Huawei Reported Stronger Growth in Sales and Next-Generation 5G Network Despite US Ban

Huawei Reported Stronger Growth in Sales and Next-Generation 5G Network Despite US Ban

Business

Huawei, the Chinese telecommunication giant, may experience closer official inquiry in Europe between the U.S. claims that the company poses a security threat. On the other hand, mobile network companies in the state are still standing in line to purchase Huawei equipment for their upcoming 5G networks. So far, the Chinese tech giant has signed 65 commercial agreements. Out of that, half of the companies are European customers developing ultra-fast next-generation 5G networks. Head of Huawei’s 5G business Yang Chaobin said it reveals European clients’ long-term and uniform trust in Huawei. The executive noted they are extremely grateful for the trust those commercial customers have shown in this difficult time.

Apart from this, many operators, including Switzerland’s Sunrise, have reacted positively to the company. Even more, Sunrise has linked a ski resort, a soccer stadium, and farms to next-generation 5G networks powered by Huawei. Germany, the largest economy of Europe, has just released a proposed set of rules on the next-generation network that hinders pointing out China or Huawei as dangers. Instead of that, it is requiring all operators and vendors to team up and has common criteria. Whereas, Britain is still speculating whether to follow the National Security Council and impose a ban on Huawei.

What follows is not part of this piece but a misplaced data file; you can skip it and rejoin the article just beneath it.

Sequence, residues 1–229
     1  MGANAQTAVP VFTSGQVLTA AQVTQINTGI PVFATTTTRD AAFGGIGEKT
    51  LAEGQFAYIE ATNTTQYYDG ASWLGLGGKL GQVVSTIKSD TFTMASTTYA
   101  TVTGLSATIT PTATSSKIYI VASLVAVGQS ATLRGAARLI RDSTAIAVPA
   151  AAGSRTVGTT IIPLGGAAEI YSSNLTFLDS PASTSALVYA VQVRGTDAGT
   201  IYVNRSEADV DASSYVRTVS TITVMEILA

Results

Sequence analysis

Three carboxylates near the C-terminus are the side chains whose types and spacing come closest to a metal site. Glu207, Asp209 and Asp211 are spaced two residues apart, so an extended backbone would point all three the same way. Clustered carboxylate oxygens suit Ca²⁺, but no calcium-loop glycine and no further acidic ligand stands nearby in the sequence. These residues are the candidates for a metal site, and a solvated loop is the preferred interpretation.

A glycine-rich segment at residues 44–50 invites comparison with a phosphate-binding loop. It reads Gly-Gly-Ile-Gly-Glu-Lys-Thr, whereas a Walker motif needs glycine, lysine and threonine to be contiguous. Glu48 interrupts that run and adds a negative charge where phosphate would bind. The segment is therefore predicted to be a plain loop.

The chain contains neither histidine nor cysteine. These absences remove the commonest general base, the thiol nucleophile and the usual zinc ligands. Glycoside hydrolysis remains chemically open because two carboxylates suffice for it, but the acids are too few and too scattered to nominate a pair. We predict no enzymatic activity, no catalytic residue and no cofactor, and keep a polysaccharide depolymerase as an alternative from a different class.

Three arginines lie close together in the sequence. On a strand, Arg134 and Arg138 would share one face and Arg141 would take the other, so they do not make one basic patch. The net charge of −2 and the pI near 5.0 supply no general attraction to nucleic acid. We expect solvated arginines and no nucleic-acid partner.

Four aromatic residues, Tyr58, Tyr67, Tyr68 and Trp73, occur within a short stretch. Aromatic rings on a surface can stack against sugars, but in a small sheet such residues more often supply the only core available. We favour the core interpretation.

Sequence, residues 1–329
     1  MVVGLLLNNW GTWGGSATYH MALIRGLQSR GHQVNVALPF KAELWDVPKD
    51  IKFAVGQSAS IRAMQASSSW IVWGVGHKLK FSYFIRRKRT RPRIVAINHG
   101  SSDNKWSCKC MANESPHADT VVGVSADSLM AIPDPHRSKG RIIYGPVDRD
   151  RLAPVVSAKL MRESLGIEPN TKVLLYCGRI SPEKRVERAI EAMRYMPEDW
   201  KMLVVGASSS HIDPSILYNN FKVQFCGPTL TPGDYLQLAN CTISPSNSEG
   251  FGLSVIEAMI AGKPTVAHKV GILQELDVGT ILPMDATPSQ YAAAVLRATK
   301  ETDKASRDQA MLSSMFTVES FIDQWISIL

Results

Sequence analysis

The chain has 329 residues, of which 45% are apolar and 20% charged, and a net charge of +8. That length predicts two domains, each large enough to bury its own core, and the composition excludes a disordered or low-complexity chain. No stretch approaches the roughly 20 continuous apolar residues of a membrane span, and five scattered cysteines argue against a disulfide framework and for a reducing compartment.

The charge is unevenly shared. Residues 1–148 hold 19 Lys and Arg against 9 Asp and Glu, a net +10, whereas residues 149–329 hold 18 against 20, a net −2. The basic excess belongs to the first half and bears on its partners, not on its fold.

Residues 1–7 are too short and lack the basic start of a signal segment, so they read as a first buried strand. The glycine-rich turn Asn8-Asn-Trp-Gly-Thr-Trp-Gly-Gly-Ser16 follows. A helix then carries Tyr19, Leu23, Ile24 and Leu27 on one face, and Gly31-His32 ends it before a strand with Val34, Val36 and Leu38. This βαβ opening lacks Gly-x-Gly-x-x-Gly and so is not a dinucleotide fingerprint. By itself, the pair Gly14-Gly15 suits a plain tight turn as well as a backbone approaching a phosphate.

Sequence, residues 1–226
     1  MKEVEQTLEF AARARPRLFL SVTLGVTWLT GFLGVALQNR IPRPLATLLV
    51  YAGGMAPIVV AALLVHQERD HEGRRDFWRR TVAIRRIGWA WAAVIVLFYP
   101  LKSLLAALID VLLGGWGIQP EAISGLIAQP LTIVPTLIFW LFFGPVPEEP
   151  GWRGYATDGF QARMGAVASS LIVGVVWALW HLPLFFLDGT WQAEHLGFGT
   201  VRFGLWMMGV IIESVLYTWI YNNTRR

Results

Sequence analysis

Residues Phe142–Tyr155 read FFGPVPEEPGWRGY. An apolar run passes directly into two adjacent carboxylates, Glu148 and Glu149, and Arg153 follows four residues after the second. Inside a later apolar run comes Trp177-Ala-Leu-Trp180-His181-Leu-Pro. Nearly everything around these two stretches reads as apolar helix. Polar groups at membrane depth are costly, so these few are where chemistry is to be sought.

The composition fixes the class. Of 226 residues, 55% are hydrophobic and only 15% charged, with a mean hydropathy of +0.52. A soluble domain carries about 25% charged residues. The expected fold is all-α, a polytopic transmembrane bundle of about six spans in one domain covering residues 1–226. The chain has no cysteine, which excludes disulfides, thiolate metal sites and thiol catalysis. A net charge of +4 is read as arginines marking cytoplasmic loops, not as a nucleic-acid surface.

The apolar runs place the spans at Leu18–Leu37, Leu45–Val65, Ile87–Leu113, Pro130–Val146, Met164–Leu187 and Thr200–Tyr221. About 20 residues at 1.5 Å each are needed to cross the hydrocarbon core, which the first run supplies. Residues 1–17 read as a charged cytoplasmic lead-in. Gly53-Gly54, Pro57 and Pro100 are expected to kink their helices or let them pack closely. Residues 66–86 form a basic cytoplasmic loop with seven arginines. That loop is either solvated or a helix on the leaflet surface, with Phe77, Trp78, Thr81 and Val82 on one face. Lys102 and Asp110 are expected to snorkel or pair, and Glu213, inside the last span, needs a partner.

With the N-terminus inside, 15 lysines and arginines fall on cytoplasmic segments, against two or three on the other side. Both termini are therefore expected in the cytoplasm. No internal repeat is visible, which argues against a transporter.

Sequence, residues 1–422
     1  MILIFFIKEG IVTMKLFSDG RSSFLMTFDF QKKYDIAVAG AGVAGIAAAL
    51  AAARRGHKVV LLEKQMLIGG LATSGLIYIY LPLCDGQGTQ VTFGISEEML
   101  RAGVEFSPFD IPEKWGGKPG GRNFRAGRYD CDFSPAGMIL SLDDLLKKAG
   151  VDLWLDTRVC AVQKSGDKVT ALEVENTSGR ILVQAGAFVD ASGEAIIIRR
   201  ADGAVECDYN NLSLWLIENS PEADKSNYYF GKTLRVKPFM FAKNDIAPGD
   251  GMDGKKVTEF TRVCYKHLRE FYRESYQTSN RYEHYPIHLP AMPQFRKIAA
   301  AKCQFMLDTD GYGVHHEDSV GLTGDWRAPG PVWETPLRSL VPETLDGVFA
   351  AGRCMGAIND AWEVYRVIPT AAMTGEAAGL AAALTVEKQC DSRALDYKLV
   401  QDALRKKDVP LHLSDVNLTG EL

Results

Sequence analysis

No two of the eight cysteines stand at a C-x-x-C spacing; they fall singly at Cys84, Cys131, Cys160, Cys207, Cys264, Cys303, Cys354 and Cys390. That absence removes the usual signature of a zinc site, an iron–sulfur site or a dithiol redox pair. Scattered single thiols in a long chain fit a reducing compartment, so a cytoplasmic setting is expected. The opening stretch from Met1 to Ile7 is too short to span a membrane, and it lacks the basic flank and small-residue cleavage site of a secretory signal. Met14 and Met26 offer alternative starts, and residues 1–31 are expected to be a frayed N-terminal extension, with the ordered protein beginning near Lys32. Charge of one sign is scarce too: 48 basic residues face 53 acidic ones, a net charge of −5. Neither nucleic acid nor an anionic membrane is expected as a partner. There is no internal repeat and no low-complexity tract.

It seems like Germany is opposing US pressure to prohibit the Chinese tech giant from its 5G networks. Even more, Germany is saying that it will not obstruct any supplier for the high-speed next-gen mobile networks on an up-front basis. According to the statement of a government representative, they are not taking a proactive decision to ban any company or business. The Trump administration has imposed its own export controls on Huawei in May.

Notably, the increasing tension between the U.S. and China has imposed serious damage to Huawei’s business of making and selling smartphones. But Yang noted the company has assorted its supplier base to entirely meet customer needs for its network even without American components. Even more, he has expressed confidence in the industry standards-setting, calling it a mutual effort involving the participation of all players in the mobile ecosystem. In the end, Huawei continues to stand strong-enough despite facing the U.S. ban.